You can create a specific mobile version of your website by making a mobile subdomain and using XHTML MP.
The common way to make a mobile subdomain is to use the word “mobile” or the letter “m.” For example, if your website is www.website.com, then your mobile subdomain would be either www.mobile.website.com or www.m.website.com. Also, you might first want to try looking at some website builder reviews to get yourself acquainted with this stuff. Of course you could name your mobile subdomain anything you wanted to name it, but using either “mobile” or “m” is following a general naming convention and gives your users an easier way to find your mobile website since your users may already be familiar with seeing the word “mobile” or the letter “m” to signify the mobile versions of other websites.
Once you’ve decided on what you’re naming your mobile subdomain, then you can begin thinking about how you’re going to code it. That’s where XHTML MP comes in. XHTML MP stands for Extensible HyperText Markup Language Mobile Profile. If you already know XHTML, then your job coding your mobile website is going to be easier than it is for someone who has coded websites strictly in tables. XHTML works with CSS to separate the presentation from the code. XHTML MP also works with CSS as well as WAP CSS.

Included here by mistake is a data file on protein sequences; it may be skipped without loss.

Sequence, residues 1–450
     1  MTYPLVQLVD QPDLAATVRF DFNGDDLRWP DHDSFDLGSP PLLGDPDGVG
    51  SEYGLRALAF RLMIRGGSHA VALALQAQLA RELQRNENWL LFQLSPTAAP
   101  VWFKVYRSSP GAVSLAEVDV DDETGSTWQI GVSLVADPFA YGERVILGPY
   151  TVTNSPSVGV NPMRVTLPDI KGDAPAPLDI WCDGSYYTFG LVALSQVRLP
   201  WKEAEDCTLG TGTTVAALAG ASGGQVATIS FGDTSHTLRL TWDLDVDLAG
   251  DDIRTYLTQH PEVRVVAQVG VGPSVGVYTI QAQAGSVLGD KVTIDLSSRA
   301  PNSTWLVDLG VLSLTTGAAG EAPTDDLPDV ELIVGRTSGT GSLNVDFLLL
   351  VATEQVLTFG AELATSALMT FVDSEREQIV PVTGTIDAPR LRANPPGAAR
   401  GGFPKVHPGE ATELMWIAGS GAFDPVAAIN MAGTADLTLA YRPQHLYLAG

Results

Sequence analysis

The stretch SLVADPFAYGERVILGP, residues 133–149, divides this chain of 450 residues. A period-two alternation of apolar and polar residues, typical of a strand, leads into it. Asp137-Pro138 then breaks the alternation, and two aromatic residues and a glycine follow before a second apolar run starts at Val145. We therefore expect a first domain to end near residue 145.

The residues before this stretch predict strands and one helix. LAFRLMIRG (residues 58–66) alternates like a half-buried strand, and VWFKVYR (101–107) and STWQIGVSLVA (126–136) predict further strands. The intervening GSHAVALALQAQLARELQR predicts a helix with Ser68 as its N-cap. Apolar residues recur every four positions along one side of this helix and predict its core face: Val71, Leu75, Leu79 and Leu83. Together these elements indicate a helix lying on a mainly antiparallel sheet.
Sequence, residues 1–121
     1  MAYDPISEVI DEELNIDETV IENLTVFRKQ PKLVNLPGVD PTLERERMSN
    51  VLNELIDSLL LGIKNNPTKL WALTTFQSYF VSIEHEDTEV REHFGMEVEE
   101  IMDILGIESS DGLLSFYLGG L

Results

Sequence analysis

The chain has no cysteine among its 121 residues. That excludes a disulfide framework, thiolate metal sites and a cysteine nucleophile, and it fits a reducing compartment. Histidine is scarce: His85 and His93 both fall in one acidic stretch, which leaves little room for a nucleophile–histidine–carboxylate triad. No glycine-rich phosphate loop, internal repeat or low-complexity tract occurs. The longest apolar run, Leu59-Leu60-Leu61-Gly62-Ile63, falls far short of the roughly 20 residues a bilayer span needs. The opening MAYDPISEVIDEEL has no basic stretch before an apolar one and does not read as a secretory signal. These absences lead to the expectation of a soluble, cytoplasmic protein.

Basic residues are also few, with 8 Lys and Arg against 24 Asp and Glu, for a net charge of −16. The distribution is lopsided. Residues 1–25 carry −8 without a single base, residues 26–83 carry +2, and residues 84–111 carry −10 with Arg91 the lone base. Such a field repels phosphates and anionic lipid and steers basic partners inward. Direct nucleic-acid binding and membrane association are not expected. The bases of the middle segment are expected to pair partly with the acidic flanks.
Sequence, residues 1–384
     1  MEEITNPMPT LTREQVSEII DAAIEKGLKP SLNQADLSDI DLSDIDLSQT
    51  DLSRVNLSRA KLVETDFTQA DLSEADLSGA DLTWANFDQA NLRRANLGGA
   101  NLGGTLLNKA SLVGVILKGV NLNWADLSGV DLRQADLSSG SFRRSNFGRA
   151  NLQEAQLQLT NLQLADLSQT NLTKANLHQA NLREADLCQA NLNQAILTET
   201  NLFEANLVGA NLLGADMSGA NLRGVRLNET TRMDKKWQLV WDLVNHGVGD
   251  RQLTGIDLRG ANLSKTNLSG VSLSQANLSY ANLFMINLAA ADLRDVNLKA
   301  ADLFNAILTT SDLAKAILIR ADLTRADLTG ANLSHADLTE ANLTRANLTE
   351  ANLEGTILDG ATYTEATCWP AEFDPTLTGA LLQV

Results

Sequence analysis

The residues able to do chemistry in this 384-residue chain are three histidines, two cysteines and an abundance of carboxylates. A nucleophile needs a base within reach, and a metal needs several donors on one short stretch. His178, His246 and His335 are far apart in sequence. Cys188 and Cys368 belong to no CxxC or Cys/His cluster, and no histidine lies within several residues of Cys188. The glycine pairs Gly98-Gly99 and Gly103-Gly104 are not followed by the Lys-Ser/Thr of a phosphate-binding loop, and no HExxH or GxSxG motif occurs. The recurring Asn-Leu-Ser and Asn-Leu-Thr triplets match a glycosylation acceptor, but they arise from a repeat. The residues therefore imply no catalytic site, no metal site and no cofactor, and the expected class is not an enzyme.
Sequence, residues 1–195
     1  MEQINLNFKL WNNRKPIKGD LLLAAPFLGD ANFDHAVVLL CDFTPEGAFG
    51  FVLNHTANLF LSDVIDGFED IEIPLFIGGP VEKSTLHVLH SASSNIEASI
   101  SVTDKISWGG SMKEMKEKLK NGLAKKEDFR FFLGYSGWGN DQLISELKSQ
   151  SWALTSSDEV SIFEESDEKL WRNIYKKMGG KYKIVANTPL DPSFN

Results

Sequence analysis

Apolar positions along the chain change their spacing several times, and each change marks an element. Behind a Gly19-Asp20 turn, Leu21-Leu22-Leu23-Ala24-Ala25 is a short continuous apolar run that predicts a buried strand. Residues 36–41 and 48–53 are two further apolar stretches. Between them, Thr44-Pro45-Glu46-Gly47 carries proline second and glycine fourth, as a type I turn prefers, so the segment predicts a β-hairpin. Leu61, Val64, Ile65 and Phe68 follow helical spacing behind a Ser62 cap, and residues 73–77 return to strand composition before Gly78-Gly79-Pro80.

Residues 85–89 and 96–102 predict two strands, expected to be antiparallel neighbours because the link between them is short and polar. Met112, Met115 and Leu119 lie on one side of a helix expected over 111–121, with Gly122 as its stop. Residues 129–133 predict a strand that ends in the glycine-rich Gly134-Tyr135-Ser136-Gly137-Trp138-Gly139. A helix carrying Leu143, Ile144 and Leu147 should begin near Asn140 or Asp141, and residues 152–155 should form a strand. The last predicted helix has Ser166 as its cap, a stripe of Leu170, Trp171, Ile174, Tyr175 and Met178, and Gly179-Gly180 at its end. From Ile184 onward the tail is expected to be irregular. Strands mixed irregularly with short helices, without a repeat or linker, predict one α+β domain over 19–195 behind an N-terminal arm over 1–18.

The first line at the top of the page is where you would put the xml declaration. It should read: and then the second line is where you would put the DOCTYPE declaration. That should read: . And then you would set up the rest of the page as you do a regular XHTML page with the html tags, head tags, and body tags. Keep your pages short and use anchors where necessary to ease the scrolling for your visitors.
As you’re coding your mobile website, keep in mind that people will be visiting your mobile website from a variety of mobile devices that have a wide range in screen sizes. Some mobile phones have small screens from which you can only view images at a maximum width of 120 pixels. If you have your image made wider than this, it may get cropped in a smaller screen. There are different ways you can work around it once you’re more familiar with creating mobile websites, but when you first start out, try to stick to the 120 pixel width for your images.
If you’ve chosen to set up your mobile website as a mobile subdomain of your main website and operate it as its own website, you’ll need to make sure you don’t duplicate your content. To prevent this from happening, make a robots.txt file for your mobile subdomain to disallow search engines from indexing your mobile website. If the content is going to be written fresh and will not be a copy of your regular website, then you don’t have to worry about the duplicate penalty as much.
Designing mobile websites can be fun and challenging and always evolving.